These military and political measures should be complemented by diplomatic and economic strategies that treat U.S. alliances more holistically. For example, the United States should approach updates and adjustments to the existing free-trade agreement with South Korea or U.S.–South Korean defense cost-sharing negotiations with an awareness that tension in one area of these relationships can make progress elsewhere more difficult, if not impossible, particularly if the Japanese public or the South Korean public is paying attention and anti-U.S. sentiment has been rallied.
Although the North Korea problem is immediate, the longer-term strategic competitor in Asia is China, whose challenge to U.S. preeminence has been augmented by Russia’s spoiler role across the globe. Bolstering U.S. alliances would strengthen Washington’s hand against these threats, as well, by significantly improving military defense capabilities, counterproliferation efforts, and diplomatic coordination among U.S. allies and partners in East Asia. Reinforcing the U.S. military posture in the region would also increase the costs to China and Russia of subsidizing the Kim regime, not complying with sanctions, or undertaking other problematic behavior.
Fourth, although Washington may seek an assurance from Pyongyang that it will not proliferate, the Trump administration must also push for the establishment of a counterproliferation coalition that shares intelligence about maritime nuclear smuggling and cooperates on law enforcement. Japan’s and South Korea’s port authorities, coast guards, and navies, along with the United States’ considerable assets, should work together to prevent nuclear material from leaving the country. Most of this enforcement activity would likely take place in ports, but the allies should be prepared to carry out interceptions at sea as needed. The United States should also approach China and Russia about the possibility of building a five-party counterproliferation regime in Northeast Asia. Beijing and Moscow should see benefits to stopping any North Korean loose nukes, but if they are not willing to participate, then they should be prepared to face the diplomatic and economic consequences of allowing North Korean proliferation across their borders.
Finally, the United States must continue preparing both diplomatic and military plans for North Korea. This is critical to, on the one hand, upholding deterrence against Pyongyang and, on the other, creating a credible off-ramp for the regime. Washington should maintain its existing high-tempo military exercises in the region, preposition ammunition stocks for a possible conflict, and rotate strategic assets such as B-52 bombers, stealth warplanes, nuclear submarines, and aircraft carriers regularly to the peninsula. All these steps should prevent North Korea from spreading its nuclear weapons, threatening the United States, or taking offensive actions in the region.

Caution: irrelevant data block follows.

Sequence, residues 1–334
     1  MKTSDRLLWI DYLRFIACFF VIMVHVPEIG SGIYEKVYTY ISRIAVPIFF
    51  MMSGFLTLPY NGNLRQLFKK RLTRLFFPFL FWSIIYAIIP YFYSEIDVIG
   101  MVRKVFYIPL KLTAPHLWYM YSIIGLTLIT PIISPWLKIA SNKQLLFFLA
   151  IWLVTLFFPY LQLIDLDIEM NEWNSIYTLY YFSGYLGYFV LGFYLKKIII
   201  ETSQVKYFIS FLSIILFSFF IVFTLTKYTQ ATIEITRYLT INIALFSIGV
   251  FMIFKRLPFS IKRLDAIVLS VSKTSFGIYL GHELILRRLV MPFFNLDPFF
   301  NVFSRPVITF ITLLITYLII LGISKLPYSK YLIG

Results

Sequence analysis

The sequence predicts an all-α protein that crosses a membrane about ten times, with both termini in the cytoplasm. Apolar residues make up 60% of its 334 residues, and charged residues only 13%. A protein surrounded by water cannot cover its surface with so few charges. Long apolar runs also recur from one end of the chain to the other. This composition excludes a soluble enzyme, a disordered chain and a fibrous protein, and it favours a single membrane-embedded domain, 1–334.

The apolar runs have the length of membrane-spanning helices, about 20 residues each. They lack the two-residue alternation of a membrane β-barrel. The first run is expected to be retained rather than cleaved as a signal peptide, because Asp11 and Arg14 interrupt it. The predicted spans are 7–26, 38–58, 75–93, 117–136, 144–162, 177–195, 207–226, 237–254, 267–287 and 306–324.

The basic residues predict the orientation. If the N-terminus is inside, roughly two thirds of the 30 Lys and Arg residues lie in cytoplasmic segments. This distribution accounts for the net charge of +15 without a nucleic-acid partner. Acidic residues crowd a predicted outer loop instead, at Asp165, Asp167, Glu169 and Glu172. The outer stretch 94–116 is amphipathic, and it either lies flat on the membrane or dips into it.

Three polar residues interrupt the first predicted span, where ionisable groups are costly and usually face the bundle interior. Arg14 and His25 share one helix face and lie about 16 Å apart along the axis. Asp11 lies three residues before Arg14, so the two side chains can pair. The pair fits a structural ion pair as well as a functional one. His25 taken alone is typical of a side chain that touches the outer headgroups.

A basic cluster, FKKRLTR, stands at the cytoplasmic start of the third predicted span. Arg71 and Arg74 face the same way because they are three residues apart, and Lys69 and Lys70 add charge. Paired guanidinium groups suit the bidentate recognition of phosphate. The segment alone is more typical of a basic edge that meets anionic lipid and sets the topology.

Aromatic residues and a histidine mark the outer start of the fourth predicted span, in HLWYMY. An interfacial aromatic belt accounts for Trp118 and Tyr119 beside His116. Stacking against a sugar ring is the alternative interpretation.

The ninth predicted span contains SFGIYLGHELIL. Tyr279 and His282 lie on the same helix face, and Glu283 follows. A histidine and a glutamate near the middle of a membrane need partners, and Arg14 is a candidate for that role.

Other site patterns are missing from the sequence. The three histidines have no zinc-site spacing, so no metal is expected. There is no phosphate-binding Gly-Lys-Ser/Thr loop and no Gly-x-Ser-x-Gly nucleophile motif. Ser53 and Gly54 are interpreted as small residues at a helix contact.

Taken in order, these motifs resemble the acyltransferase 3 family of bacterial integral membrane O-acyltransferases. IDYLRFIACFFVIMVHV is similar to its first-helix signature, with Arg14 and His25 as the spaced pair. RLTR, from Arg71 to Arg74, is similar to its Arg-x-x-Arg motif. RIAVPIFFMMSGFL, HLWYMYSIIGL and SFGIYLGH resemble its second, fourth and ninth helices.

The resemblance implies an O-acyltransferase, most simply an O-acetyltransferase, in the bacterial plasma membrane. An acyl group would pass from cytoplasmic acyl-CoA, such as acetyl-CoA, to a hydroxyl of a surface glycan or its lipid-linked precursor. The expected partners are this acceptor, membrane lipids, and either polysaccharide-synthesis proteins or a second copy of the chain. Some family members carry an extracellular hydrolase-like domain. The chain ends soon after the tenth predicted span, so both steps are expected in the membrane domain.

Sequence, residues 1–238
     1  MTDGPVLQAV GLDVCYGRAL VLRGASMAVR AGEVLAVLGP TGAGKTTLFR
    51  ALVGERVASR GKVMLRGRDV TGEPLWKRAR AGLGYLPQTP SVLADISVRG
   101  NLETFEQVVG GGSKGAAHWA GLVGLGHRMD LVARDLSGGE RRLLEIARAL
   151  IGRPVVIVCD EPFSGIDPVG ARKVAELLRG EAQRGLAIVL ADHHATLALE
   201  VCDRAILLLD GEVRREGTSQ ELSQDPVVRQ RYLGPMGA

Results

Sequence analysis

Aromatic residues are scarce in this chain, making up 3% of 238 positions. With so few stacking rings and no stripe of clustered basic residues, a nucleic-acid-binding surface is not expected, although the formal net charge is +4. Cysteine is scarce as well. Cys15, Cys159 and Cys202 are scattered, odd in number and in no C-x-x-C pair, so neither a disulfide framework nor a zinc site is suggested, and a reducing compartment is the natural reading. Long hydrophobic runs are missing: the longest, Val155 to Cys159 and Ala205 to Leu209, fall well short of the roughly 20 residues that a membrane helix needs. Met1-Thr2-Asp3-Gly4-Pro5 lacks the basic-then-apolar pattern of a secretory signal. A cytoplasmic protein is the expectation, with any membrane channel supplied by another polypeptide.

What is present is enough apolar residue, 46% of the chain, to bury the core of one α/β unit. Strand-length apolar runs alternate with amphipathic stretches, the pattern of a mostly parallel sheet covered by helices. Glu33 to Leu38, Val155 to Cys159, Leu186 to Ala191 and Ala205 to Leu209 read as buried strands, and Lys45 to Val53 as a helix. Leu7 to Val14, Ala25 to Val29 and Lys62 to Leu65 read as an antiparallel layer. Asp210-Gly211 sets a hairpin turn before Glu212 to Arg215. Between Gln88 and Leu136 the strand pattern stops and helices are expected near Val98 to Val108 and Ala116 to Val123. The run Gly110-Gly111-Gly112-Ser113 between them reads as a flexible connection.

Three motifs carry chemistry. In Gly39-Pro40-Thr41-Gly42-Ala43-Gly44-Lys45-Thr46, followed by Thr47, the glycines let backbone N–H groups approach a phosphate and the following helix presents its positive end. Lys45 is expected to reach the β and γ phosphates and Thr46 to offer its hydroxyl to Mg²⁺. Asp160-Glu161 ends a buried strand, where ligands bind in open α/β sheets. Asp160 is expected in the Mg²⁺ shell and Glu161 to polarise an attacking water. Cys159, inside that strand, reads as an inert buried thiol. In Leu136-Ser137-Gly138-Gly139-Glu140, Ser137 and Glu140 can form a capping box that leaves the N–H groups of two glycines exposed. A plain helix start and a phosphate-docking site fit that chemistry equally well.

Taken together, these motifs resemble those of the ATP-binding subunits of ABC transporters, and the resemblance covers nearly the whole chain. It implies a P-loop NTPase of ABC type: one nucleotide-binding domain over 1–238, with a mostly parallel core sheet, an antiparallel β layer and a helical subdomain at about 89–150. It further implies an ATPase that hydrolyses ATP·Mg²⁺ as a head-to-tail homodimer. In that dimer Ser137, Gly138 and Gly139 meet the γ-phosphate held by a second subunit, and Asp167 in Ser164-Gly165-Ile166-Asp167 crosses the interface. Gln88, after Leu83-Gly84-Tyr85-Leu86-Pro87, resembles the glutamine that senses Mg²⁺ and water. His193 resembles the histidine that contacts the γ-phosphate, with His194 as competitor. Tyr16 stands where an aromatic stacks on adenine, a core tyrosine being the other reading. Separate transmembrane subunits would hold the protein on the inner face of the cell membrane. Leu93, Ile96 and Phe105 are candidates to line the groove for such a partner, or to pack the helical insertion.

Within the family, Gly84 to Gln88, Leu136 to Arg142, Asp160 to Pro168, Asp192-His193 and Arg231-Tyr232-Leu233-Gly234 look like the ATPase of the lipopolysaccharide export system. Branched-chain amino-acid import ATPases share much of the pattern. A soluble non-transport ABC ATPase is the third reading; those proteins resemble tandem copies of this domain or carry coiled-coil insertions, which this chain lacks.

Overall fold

Given the limited amount of time to prepare for a Kim-Trump summit, the meeting is unlikely to bear immediate fruit beyond some grandiose statements about a normalization of relations, a peaceful end to the Korean War armistice, and denuclearization, statements that the leaders would then authorize their governments to begin negotiations over. This outcome would itself be significant, but it should not lead to a lifting of sanctions unless North Korea backs up its promises with actions.
Whether the summit succeeds or not, the United States must move beyond broad statements and invite Pyongyang to reiterate the denuclearization pledges it made during the six-party talks in 2005 and 2007. The documents outlining these pledges are the only place where North Korea has ever been forced to dump its noncommittal and vague formulations about a “nuclear-free peninsula” in favor of specific and written commitments to “abandoning all nuclear weapons and existing nuclear programs.” These agreements are also of value to North Korea (and China) because they state that the United States will not attack North Korea with conventional or nuclear weapons, the only written security assurance that addresses North Korean concerns about “hostile” U.S. policy. Washington should also compel the regime to improve its human rights record as a good-faith demonstration of the authenticity of its diplomatic intentions. North Korea will undoubtedly have its own long list of wants, but for the United States, the summit must establish zero tolerance for any plutonium- or uranium-based nuclear weapons stockpiles or the deployment of long- or intermediate-range ballistic missiles and call for substantial reductions in the stocks of short-range ones. Absent the preservation of these core security interests, neither summit diplomacy nor working-level agreements will be worth much.
Following this overall strategy would enhance the credibility of Washington’s negotiating position, while also securing U.S. interests in the event of failure. Broadly speaking, comprehensive coercion would get the United States out of crisis management mode and demonstrate U.S. resolve without unnecessarily risking war. It would also strengthen U.S. alliances in Asia for the long term, directly address the proliferation threat, increase the costs to those who subsidize Pyongyang, and complement the United States’ regional commitments.